Alex Rodriguez was sent for an MRI on his right knee Friday and is being held out of tonight’s lineup against the Rays.
Rodriguez, who originally injured the knee June 19 in a game against the Cubs, will be joined on the bench by Nick Swisher, who is nursing a tender left quad.
Manager Joe Girardi said the test is precautionary, but he wasn’t sure whether Rodriguez would play Saturday.
It’s looking more and more likely that Alex Rodriguez will join Mariano Rivera and Derek Jeter in sitting out the All-Star Game. If so, Adrian Beltre will start for the AL squad. Kevin Youkilis would be the obvious choice to step into the open roster spot.
Last night in the top of the eighth inning of the Dodgers-Cubs game, Curtis Granderson struck out. Or, at the very least, he should’ve. After the game, the umpire who said he didn’t admitted he screwed up.
While trying to squelch a Dodgers comeback, Wade Davis got Granderson into a 2-2 count. Davis threw his pitch, Granderson whiffed on it, it hit the dirt, and Willson Contreras applied the tag for the out. End of the inning, right? Wrong: Granderson argued to home plate umpire Jim Wolf that he made slight contact with the ball, Wolf, after conferring with the other umps agreed, and Granderson lived to see another pitch.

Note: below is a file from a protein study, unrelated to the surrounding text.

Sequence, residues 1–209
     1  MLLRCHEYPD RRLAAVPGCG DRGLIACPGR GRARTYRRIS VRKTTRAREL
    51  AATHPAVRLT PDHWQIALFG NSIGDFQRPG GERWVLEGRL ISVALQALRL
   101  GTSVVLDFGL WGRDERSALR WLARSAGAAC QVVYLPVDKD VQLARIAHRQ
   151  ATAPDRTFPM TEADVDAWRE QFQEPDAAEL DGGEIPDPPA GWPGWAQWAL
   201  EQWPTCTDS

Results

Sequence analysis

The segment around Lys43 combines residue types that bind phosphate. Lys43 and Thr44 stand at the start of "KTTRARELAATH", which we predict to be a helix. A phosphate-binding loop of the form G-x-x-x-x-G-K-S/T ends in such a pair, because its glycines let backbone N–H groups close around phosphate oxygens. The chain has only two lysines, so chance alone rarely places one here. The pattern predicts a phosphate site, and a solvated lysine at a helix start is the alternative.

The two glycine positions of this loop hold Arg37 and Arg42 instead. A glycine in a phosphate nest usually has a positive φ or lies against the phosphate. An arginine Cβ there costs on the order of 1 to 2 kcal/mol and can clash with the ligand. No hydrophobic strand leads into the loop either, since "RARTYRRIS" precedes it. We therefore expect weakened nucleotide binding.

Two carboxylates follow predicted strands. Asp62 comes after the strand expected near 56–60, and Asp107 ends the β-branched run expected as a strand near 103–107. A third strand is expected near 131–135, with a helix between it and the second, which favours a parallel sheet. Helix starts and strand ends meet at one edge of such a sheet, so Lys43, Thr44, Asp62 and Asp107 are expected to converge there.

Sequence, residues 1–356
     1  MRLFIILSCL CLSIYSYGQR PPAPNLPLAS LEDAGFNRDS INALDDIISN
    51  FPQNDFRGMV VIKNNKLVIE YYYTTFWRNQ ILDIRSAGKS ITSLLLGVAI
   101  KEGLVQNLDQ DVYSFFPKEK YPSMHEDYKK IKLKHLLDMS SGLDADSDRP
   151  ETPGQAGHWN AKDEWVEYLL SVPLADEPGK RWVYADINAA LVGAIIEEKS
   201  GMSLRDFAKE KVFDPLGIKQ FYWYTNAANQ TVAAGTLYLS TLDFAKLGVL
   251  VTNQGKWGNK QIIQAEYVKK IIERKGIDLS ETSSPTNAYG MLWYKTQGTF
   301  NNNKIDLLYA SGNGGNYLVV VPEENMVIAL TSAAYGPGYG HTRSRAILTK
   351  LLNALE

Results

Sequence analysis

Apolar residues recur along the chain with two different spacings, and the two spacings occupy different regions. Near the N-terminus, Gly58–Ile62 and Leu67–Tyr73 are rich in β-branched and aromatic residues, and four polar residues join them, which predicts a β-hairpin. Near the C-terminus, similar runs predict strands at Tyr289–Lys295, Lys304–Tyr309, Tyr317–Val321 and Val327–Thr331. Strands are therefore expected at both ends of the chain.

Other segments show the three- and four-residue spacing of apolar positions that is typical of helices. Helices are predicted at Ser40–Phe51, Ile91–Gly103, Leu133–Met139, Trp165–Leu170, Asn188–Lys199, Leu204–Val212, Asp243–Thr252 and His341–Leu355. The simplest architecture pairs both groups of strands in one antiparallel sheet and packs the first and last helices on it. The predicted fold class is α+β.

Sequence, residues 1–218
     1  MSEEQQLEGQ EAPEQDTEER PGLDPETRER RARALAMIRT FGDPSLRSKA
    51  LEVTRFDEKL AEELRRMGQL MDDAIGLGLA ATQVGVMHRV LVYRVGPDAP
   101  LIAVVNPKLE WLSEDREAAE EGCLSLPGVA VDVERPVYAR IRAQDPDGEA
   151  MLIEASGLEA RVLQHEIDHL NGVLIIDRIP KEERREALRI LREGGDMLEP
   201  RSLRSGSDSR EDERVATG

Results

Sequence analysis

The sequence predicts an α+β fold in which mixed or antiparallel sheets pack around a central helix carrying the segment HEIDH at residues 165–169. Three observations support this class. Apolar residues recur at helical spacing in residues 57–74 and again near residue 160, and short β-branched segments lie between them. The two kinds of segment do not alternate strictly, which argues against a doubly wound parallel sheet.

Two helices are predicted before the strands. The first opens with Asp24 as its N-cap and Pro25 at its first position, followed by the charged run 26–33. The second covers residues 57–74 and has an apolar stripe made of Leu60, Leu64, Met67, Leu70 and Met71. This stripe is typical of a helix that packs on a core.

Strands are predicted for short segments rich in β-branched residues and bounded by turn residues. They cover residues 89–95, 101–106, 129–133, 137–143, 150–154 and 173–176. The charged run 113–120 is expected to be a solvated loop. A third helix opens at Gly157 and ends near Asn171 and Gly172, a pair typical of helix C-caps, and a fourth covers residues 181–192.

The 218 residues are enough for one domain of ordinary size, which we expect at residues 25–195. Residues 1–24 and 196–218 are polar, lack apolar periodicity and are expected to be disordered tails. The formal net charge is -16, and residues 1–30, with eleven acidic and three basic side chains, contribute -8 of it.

Before he’d see that pitch, Joe Maddon came out to argue the call and got so agitated about it all he was ejected for the second time in this series. He was right to argue:
It all ended up not mattering, of course, because Granderson struck out eventually anyway.
Normally such things end there, but after the game a reporter got to Wolf and Wolf did something umpires don’t often do: he admitted he blew the call:
It’s good that the bad call ended up not affecting anything. But the part of me who likes to stir up crap and watch chaos rule in baseball really kinda wishes that Granderson had hit a series-clinching homer right after that. At least as long as it didn’t result in Cubs fans burning Chicago to the ground.